The new Russian blockbuster film “T-34” celebrates not only fictional Russian heroes who fight their way out of a Nazi concentration camp, but also a partially reconstructed tank.
The T-34 is the most successful tank ever built. More than 58,000 were manufactured between 1940 and 1946. But the part of the story not being told is that the T-34 was possible thanks to an American inventor and two innovative Russian military leaders liquidated by Stalin as part of the Great Purge that nearly destroyed the Russian Army.
The American inventor was J. William Christie. Christie was born in May 1865 just after the close of the US Civil War in New Milford, New Jersey. Trained as an engineer, Christie got involved with automobiles in the early 20th century. Among his inventions was what is now called “front-wheel drive”, a system that propels a vehicle where its power wheels were in the front and not in the rear, eliminating chain drives that early cars used to power rear wheels. That was in 1905.
To compliment his front-wheel-drive system, Christie developed the first front-wheel independent suspension – now common on nearly all automobiles, replacing clumsy leaf springs which poorly absorbed shock caused by bad roads. It was his front-wheel-drive and other technologies he pioneered that Christie used to design an innovative battle tank – the mother of all modern battle tanks.
Christie’s idea about battle tanks was mostly at odds with what most military organizations actually wanted. After the end of World War I, when tanks (mainly British and French) were first used in battle, they were intended to keep pace with troops seeking to overrun enemy trenches. The top speed was around 6 mph (9.6 kph). The American military subsequently eyed bigger, more heavily armored tanks, but did not see how a tank could replace horse cavalry in assaults. In fact, we now know that Hitler’s plan to invade England in 1940 (Operation Sea Lion) planned to use 650 tanks (probably more than he had then) and 4,500 horses.
Christie’s idea was radically different. Light or medium tanks could travel rapidly across fields and roadways to rapidly smash the enemy by breaking up his main forces. To achieve that goal, Christie’s tank featured a unique undercarriage suspension where each road wheel operates independently on long coil springs. He added to the suspension system rubber-road-bogie wheels that could take over for the tracks on good roads.
On tracks, a Christie tank could move at 47 mph (nearly 76 kph), but on bogies, it could hit 69 mph (111 kph). No modern tank can achieve that speed. The American front-line M-1 tank, for example, can do a top speed of 45 mph (72 kph). And, while the Christie tank was lightly armored even by the standards of the day, he also came up with the idea of sloped armor designed to deflect incoming shells and blast fragments – and today most tanks use sloped armor.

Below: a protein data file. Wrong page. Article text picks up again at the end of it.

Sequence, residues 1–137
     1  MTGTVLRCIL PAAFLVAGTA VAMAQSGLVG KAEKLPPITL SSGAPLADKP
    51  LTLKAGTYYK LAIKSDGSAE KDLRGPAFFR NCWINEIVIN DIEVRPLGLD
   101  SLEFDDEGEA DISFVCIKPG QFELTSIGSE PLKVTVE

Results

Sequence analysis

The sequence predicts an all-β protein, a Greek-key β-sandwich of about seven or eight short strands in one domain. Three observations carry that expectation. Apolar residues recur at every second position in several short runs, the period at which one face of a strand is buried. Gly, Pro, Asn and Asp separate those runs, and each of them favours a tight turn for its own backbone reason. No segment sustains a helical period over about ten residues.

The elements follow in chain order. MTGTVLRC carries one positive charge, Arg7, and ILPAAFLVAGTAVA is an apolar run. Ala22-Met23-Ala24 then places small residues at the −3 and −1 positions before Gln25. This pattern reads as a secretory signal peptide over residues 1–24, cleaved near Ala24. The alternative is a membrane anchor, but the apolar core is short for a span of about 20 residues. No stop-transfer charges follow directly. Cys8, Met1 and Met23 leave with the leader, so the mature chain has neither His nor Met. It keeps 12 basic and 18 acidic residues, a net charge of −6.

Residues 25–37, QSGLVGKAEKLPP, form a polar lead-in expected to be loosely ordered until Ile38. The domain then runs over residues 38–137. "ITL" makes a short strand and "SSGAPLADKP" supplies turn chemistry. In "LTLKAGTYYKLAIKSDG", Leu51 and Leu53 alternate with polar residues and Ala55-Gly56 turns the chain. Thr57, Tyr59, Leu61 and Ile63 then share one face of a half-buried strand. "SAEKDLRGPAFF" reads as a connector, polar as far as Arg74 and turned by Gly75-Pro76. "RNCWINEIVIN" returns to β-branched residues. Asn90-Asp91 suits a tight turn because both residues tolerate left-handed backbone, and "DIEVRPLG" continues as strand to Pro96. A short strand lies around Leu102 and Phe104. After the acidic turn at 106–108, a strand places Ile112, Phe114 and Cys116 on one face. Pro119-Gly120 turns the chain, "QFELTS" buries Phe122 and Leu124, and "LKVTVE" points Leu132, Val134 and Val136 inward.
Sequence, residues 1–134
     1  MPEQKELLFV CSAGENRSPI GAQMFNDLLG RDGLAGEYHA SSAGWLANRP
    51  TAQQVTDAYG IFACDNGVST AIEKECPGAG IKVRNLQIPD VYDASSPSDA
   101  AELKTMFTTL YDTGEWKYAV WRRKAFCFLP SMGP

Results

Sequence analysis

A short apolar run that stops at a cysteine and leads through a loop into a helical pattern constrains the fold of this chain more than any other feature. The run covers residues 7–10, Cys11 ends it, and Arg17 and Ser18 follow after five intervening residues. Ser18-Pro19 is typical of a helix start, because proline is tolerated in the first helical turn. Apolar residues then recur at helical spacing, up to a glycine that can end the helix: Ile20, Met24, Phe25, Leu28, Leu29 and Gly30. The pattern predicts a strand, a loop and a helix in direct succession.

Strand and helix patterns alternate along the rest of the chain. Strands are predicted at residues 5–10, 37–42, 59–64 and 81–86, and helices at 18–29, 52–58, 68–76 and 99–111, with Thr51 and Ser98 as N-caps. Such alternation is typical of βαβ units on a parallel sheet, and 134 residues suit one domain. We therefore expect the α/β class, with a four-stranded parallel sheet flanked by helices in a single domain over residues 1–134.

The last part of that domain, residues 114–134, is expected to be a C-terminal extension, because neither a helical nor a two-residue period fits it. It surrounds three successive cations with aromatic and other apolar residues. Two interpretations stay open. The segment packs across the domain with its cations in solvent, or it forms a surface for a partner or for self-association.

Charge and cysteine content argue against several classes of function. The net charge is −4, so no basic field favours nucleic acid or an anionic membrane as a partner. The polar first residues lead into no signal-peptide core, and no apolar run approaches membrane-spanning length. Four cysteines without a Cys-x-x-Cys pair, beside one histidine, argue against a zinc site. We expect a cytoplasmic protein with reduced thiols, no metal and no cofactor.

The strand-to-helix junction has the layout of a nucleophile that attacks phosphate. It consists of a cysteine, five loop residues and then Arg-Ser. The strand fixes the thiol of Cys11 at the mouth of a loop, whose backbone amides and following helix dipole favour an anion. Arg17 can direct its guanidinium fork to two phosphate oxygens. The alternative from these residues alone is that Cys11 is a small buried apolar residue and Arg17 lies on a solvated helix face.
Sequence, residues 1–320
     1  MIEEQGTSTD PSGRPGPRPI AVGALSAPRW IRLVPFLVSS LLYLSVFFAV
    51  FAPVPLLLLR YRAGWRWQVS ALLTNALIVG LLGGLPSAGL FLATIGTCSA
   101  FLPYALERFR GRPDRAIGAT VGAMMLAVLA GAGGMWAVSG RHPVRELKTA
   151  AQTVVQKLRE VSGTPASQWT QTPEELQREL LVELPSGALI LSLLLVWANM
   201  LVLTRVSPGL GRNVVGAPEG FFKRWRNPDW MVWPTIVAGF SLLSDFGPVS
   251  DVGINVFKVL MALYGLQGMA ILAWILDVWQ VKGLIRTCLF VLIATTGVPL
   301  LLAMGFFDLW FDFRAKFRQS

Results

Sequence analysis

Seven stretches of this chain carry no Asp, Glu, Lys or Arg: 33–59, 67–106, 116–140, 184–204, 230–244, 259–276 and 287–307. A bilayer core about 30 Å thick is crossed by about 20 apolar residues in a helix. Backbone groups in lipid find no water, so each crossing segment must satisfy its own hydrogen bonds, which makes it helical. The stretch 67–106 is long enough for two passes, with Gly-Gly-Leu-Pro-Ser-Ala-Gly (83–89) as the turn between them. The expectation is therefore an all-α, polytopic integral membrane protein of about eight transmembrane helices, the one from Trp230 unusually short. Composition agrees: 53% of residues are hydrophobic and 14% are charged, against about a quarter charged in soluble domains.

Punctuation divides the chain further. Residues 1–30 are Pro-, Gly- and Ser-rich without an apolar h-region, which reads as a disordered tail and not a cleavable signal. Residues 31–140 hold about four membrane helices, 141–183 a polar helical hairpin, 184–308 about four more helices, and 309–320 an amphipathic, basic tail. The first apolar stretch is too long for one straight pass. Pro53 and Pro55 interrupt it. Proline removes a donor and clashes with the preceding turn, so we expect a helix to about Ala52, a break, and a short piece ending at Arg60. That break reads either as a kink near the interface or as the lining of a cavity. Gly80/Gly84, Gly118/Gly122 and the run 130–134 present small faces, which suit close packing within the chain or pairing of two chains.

Perfect for Russians
The US Army was under political pressure to test the Christie tank and a few prototypes were delivered to them. US Army chiefs wanted a different kind of tank more in line with their conventional fighting ideas, and Christie, it turned out, became a thorn in their side. But the Russians were searching for exactly the kind of tank Christie designed, mainly because the Russians wanted a tank to lead invasions and not for defense.
Between 1934 and 1938 the director of the Soviet Motor Transport and Armored Troops was Innokenti Khapeleskii. He was tasked by his boss, Red Army Marshal Mikhail Tukhachevsky, to find an innovative assault tank design for the Russian military. Khapeleskii visited Germany (in those years the Russians were secretly supporting the Nazi military) and Czechoslovakia, but the Czechs would not help the Russians for political reasons. (The Czech tanks later fell into the hands of the Nazis and were used in the German attack on France and Belgium.) Then he went to the United States, where the Christie tank met his needs. Two tanks were exported – with the support of President Roosevelt and as part of a diplomatic deal with Russian Foreign Minister Maxim Litvinov – to the USSR as “agricultural machinery.”
The Russians used the Christie design to built their first modern tank series known as the BT tank, which was initially equipped with an American “Liberty” engine that could churn out 450 hp (also facilitated by Roosevelt as a jobs project with Ford).
In 1939 BT tanks went into battle against the Japanese at Khalkhyn Gol in Mongolia. The battle plan followed by General (later Marshal) Georgi Zhukov followed the operational ideas proposed by Marshal Tukhachevsky. It worked, but the Russians realized the tank needed better armor, expansion of the sloped armor around the tank, and a larger gun. By 1940 Russia had that tank – the T-34, which was the immediate successor to the BT.
If Zhukov emerged as a hero, neither Tukhachevsky nor Khapeleskii were around to join in any celebration. Tukhachevsky was arrested in 1938, probably tortured and “confessed” to being part of a “fascist clique.” He was executed, probably in the same year. Khapeleskii was also tried as a traitor and shot, probably around the same time.
So the blockbuster and highly patriotic movie T-34 won’t recall the American inventor whose tank formed the basis of Russia’s World War II armored forces, nor will it remember the two Russian military leaders who never lived to see the forthcoming victory, murdered by Stalin and his thugs.
It would have been a better story if it told the whole truth.
Footnote: ‘T-34’ had the best opening weekend of all time for a Russian-made movie with around 713 million rubles (US$10.6 million) in takings, according to an industry newsletter, AFP reported on Friday.